Danish Institute for Human Rights
Institut for Menneskerettigheder
Danish, English, French
Signe Grejsen Nissen and Helene Marie Hassager
Maria Ventegodt Liisberg
Signe Grejsen Nissen
The Danish Institute for Human Rights is an independent state-funded institution. Our mandate is to promote and protect human rights and equal treatment in Denmark and abroad.
We are Denmark’s national human rights institution. We are also a national equality body in relation to race, ethnicity and gender. We have a special role in the disability area where we promote and monitor the implementation of the UN Convention on the Rights of Persons with Disabilities (CRPD).
In 1987, the Danish Parliament established the Danish Centre for Human Rights, which was renamed as the Danish Institute for Human Rights (DIHR) in 2002. The Institute is Denmark’s NHRI (National Human Rights Institute), and as such has counterpart NHRI’s in other countries.
DIHR has been the appointed National Equality Body in relation to race and ethnicity (since 2003) and in relation to gender (since 2011). Furthermore, in July 2009, Denmark ratified the CRPD and the Danish Institute for Human Rights was appointed by the Danish Parliament to promote and monitor the implementation of the CRPD in Denmark.
|Activities aimed at supporting vulnerable groups (e.g. through trainings)||no||yes||yes||yes||yes||no|
|Activities aimed at supporting duty bearers such as employers and service providers (e.g. through trainings, guidance material, practical support, etc.)||no||yes||yes||yes||no||no|
|Communication activities (e.g. awareness raising campaigns)||yes||yes||yes||yes||yes||yes|
|Recommendations on discrimination issues||no||yes||yes||yes||yes||yes|
|Publications and reports||yes||yes||yes||yes||yes||yes|
|Research projects (including surveys)||yes||yes||yes||yes||yes||yes|
|Number of inquiries handled per year (all contact even if not resulting in a formal complaint)||246||415||346||501||349||354|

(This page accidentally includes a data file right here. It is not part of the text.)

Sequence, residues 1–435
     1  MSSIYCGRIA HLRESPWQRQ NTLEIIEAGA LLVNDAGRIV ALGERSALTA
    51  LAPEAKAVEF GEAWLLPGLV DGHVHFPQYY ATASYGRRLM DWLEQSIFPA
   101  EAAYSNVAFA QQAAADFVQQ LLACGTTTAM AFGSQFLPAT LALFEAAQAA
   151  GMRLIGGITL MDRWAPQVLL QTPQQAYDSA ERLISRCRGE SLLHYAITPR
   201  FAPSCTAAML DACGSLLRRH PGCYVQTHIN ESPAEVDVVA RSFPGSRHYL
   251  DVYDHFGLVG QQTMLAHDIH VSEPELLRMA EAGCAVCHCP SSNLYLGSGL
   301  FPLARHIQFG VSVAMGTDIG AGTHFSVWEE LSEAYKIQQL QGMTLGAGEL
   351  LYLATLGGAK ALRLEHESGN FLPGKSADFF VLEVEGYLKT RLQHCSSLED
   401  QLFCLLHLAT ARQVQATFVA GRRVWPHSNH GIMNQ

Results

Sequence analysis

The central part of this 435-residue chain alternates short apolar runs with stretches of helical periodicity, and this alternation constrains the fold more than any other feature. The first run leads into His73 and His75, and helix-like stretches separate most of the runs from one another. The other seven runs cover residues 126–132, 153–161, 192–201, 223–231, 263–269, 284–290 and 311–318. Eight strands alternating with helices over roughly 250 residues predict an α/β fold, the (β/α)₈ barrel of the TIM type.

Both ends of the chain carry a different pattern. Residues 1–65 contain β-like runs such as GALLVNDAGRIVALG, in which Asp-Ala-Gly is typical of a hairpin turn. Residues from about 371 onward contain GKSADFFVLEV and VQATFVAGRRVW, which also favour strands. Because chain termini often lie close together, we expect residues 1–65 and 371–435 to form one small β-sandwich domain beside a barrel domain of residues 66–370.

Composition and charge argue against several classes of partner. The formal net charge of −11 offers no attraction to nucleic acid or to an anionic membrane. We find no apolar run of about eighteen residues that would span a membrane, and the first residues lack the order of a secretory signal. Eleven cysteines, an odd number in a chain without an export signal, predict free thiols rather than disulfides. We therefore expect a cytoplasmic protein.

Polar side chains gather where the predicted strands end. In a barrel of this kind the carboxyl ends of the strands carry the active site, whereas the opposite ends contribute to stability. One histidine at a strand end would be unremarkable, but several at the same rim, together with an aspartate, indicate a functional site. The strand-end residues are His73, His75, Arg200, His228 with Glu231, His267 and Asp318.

|Number of cases handled per year (case files opened and processed according to your procedures)||20||17||44||78||45||32|
|Number of media appearances per year (major newspapers/magazines/websites/blogs, TV + radio channels) - does not include social media||000||000||1168||2026||2539||3779|
The management of the Danish Institute for Human Rights consists of one Executive Director and two Deputy Executive Directors, one Department Director and one Head of Communications. In addition, the management consists of six heads of department, serving each of their human rights field.
The Institute is divided into two departments - a national and an international department. The administration and communication teams are two separate entities outside of the two departments.
The Institute is managed by a Board of Directors.The Board is the supreme controlling body of the Danish Institute for Human Rights and lays down the general guidelines as well as the policy for the Institute’s activities. Furthermore, it appoints the Institute’s Director.
The Board is composed of 14 members, appointed by bodies such as the Council for Human Rights and the Danish universities.
6 members are appointed by the rectors of the Danish Universities
6 members are appointed by the Danish Council for Human Rights
1 member is appointed by the Human Rights Council of Greenland
1 member is appointed by the employees of DIHR
|GroundsFields||Employment||Education||Housing||Social Protection & Healthcare||Goods & Services||Other|
|Race and Ethnic Origin||yes||yes||yes||yes||yes|
|Religion & Belief||yes||yes||yes||yes||yes|
On February 9 the Danish Government announced that they will introduce a general prohibition of discrimination on the ground of disability. "It’s fantastic news. Together with the Danish disability organizations we have worked for a ban for many years. This means that people with disabilities will now be able to demand to be treated properly," says Maria Ventegodt Liisberg, Department Director for Equal Treatment at the Danish Institute for Human Rights.